THIS ARTICLE HAS BEEN UPDATED AND CLARIFIED REGARDING INFORMATION ABOUT THE PERMIT AND MEETING ATTENDANCE.
MIDDLETOWN, Calif. – South county residents gathered last week to hear an update on Calpine Corp.’s plans to seek an extension of a permit covering several geothermal wells and to voice their concerns about geothermal operations in the area.
Calpine Corp. hosted the meeting last Tuesday, Nov. 27, at its visitor center in Middletown to discuss continued geothermal well operation at the Davies Estate geothermal well site on Foard Road.
About 15 community members, including residents of Anderson Springs, the community closest to the drilling, came to voice their concerns. The meeting was led by Bruce Carlsen, Calpine’s director of environmental health and safety.
Up for consideration was Calpine’s application to renew a 29 year old permit issued by the Lake County Community Development Department.
The permit, which expires Aug. 11, 2013, covers four existing wells on a pad at Davies Estate, privately owned land located less than a mile south of Anderson Springs.
Among those who attended the meeting was Meriel Medrano, who has lived in Anderson Springs since 1971.
Over the years, residents have been increasingly affected by small earthquakes caused by geothermal production. The shaking occurs almost every day, she said in a phone interview.
“We were here first,” Medrano said. And now, “we are three-quarters surrounded by power plants.”
The Geysers, which began operation in the 1960s, has developed into the largest complex of geothermal power plants in the world, with companies besides Calpine at work in the steam field.
Calpine operates 15 power plants at The Geysers and generates enough electricity to power 725,000 homes, according to the company’s Web site.
However, that clean energy production also has taken its toll on about 200 homes in Anderson Springs, according to residents.
Some Anderson Springs residents have had “considerable damages,” said Medrano, citing broken windows, a fallen chimney and cracked foundations.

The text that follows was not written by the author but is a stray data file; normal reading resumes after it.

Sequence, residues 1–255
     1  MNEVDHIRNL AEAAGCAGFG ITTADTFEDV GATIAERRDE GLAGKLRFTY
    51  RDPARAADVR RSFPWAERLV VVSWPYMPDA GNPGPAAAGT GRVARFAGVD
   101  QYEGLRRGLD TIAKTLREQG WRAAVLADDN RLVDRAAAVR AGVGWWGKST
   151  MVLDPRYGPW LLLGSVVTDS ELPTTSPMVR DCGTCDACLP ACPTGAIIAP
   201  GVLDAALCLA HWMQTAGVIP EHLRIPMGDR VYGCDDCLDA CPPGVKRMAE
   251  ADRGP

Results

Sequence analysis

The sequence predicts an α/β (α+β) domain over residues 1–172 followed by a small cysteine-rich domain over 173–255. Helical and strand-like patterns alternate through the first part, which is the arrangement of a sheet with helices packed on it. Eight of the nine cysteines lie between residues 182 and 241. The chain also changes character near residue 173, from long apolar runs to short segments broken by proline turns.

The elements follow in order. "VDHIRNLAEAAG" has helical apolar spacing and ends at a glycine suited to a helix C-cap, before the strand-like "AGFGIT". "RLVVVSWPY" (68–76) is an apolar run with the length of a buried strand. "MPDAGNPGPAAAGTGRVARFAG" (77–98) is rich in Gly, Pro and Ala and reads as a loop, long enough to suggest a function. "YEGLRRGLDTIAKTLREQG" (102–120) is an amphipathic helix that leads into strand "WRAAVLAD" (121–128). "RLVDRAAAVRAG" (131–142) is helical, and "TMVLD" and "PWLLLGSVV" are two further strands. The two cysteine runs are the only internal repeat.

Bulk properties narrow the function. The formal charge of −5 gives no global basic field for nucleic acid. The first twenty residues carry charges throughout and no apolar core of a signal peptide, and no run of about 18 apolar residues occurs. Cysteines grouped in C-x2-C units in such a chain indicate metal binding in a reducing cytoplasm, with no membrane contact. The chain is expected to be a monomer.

The site in question is only one of many that impact residents, Medrano said. “We can only address the permits as they come up.”
Medrano is part of the Anderson Springs Community Alliance, a group that advocates for residents, and the health of the local environment.
She said she attended the meeting to find out, for one thing, for how long Calpine wants to extend the permit.
The residents want a deadline, she said. “We would feel more confident if there was a 10-year plan.”
In addition, the group wants some consideration of seismicity included in the permit.
If, for example, a large earthquake occurred, they would like to see “some condition” to address that possibility, such as shutting down the wells.
They also are asking for a new environmental review. The last one was done decades ago, prior to the original permit for the wells.
Ahead of the meeting, the group sent their comments to the Lake County Community Development Department, as well as to Calpine. Their goal, Medrano said, is to see that their concerns are added to the permit.
Calpine spokesperson Danielle Matthews Seperas said the company objects to each condition of the group’s proposal.
Seperas explained that the conditions would increase the costs of an already extremely costly business – yet the company won’t be making any changes at the site. There will be no new development.